House passes policy bill for intelligence agencies
© Getty Images

The House easily passed legislation on Tuesday to authorize intelligence agency activities for the next year with provisions to prevent officials from manipulating reports on combating terrorism.

The annual policy bill, which passed 371-35, with one lawmaker voting "present," outlines directives across the 16 U.S. federal intelligence agencies.

The measure was drafted in the wake of allegations that officials within the Pentagon’s Central Command had manipulated analysis to present an overly rosy view of the U.S.’s fight against the Islamic State in Iraq and Syria (ISIS), which threatens to develop into a major controversy for the Obama administration. 


As a result of those concerns, Tuesday’s bill aims to prevent meddling with intelligence reports, and makes it easier for whistleblowers to bring their concerns to Capitol Hill.

House Intelligence Committee Chairman Devin Nunes (R-Calif.) warned that more needs to be done to combat the terrorist group.

“Regrettably, we have not prevented ISIL from establishing a safe haven. And the group has become skilled at hiding from Western intelligence services,” Nunes said, using an alternate acronym for ISIS.

The wide-spanning measure, part of which is classified, authorizes funding for agencies including the Central Intelligence Agency, Office of the Director of National Intelligence, Federal Bureau of Investigation and National Security Agency, as well as programs housed within the Departments of Defense, State, Treasury, Energy, Justice and Homeland Security.

“This year’s intelligence authorization bill makes sure our intelligence agencies have the resources, authorities, and capabilities they need to protect our nation, but it also enables the most thorough and tenacious oversight, particularly to make sure privacy and civil liberties are protected,” Rep. Adam SchiffAdam Bennett SchiffThe Hill's Morning Report - Biden to make voting rights play in Atlanta Democrats eager to fill power vacuum after Pelosi exit Overnight Health Care — Insurance will soon cover COVID-19 tests MORE (Calif.), the Intelligence Committee’s top Democrat, said in a statement after the bill was approved.

Schiff called the bill “strong,” but added that he would work with the Senate and Obama administration “to further improve it on its way to becoming law.”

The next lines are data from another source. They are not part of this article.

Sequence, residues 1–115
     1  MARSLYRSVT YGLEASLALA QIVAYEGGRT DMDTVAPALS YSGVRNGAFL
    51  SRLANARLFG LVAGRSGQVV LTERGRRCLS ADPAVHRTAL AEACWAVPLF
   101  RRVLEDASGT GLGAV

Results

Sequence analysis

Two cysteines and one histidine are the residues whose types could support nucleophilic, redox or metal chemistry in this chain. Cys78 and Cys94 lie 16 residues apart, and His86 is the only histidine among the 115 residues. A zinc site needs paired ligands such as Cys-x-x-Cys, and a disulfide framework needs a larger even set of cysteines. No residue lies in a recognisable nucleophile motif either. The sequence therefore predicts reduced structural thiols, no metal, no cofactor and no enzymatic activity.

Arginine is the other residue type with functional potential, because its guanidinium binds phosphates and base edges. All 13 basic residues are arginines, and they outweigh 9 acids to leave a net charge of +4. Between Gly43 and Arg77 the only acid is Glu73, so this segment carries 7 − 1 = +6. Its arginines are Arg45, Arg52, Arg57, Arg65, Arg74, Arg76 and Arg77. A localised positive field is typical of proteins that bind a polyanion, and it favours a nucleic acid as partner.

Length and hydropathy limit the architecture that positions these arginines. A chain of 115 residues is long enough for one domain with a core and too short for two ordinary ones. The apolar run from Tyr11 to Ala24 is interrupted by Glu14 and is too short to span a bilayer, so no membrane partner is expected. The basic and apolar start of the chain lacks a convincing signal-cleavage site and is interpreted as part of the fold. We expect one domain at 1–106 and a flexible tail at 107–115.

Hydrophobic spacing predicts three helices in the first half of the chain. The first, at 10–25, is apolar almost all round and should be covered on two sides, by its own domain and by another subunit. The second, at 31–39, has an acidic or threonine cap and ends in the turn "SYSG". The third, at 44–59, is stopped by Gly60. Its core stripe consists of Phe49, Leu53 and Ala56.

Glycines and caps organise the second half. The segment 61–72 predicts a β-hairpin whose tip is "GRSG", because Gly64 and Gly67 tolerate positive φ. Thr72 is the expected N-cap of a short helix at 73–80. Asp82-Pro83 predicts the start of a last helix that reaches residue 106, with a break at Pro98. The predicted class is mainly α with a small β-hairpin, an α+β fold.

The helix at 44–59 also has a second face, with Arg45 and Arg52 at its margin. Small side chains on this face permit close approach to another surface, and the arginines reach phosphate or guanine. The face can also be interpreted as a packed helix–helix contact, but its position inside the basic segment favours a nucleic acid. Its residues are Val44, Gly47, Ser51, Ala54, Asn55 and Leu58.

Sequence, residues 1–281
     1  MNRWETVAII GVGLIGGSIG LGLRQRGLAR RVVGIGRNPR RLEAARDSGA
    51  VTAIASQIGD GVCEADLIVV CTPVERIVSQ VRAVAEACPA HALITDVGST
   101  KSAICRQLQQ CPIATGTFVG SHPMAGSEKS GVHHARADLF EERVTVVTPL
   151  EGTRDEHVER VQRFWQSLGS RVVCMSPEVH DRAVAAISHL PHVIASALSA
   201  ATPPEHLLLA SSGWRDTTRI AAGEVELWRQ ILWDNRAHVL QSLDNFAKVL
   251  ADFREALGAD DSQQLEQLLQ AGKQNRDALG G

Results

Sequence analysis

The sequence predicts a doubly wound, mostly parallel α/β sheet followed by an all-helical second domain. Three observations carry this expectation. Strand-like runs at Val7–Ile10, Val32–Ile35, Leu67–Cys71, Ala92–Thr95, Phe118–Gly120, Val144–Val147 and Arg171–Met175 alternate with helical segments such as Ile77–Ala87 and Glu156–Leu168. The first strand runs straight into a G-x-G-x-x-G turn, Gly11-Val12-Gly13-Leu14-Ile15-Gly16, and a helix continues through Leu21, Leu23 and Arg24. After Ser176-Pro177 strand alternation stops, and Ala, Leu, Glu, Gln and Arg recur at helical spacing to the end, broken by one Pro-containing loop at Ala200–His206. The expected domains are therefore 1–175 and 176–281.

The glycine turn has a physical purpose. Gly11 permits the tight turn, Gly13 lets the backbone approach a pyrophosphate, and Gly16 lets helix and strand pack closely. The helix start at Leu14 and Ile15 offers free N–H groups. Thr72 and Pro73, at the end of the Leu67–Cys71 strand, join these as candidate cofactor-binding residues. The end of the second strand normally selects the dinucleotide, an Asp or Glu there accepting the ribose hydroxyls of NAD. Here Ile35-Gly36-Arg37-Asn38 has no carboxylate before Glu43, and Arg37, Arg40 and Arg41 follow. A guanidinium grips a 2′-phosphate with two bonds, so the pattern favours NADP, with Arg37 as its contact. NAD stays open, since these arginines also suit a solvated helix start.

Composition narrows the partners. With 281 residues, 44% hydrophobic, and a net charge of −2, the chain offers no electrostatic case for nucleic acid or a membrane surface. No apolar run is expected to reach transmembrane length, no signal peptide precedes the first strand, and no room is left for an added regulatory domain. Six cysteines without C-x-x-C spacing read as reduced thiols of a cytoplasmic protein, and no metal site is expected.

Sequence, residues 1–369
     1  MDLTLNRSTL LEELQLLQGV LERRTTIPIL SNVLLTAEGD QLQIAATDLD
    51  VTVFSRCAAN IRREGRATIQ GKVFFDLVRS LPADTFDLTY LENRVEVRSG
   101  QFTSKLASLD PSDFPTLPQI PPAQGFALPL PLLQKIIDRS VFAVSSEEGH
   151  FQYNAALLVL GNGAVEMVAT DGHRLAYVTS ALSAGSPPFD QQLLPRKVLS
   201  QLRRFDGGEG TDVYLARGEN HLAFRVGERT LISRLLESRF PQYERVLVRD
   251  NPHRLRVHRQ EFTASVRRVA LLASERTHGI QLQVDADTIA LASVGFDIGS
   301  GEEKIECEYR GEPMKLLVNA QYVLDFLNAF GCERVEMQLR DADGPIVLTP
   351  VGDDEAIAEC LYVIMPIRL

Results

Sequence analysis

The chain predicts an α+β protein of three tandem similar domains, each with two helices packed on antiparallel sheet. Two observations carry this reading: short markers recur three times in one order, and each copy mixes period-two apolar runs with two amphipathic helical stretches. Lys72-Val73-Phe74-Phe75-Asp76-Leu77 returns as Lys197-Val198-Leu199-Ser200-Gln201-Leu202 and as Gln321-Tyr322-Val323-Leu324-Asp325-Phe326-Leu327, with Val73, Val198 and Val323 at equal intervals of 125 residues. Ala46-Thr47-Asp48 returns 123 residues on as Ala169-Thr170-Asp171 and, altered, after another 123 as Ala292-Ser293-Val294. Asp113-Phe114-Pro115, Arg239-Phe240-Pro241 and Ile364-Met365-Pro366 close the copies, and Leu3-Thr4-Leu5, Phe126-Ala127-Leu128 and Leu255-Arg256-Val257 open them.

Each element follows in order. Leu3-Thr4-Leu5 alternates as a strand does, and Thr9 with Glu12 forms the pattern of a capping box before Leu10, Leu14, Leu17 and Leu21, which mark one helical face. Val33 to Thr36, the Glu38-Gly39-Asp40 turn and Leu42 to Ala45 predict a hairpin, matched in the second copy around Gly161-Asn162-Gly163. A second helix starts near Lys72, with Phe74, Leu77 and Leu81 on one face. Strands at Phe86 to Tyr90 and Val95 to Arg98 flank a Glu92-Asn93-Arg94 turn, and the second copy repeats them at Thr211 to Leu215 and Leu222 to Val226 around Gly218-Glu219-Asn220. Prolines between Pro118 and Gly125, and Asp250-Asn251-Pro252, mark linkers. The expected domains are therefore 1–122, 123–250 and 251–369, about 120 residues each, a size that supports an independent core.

Other provisions of the legislation would force intelligence officials to declassify some information about the past terror activities of former detainees held at the Guantanamo Bay detention facility who were released by President Obama.

House Minority Leader Nancy Pelosi (D-Calif.) questioned why the requirements wouldn't apply to detainees released during President George W. Bush's administration.

"Republicans are blatantly targeting President Obama in examining the terrorist activities of released and transferred Guantanamo detainees, while excluding the more than 500 detainees released by President Bush. As the annual Director of National Intelligence reports on terrorist reengagement have consistently shown, detainees released by President Bush have a much higher rate of recidivism, but Republicans are not interested in the facts," Pelosi said in a statement.

The bill also for the first time specifically authorizes an independent federal watchdog, the Privacy and Civil Liberties Oversight Board, while adding requirements for the board to keep Congress advised of its work. The board was originally established in 2007 to review whether federal agencies’ actions to bolster national security are consistent with civil liberties protections. 

“Maintaining this balance between our national security, which is critical, and again, those values, which are the qualitative difference that we have with our adversaries, is important,” said Rep. Jim Himes (D-Conn.), a member of the House Intelligence Committee.

Despite supporting the bill, Democrats said that they opposed the bill’s silence on focusing efforts on the implications of climate, which the White House had supported.

“Food and water scarcity, and vast population displacement, are inevitable features of unchecked climate change and therefore will prove to be tremendous drivers of global instability, which the [intelligence community] needs to better anticipate and understand,” Intelligence Committee Democrats wrote in a “Minority Views” document accompanying the legislation.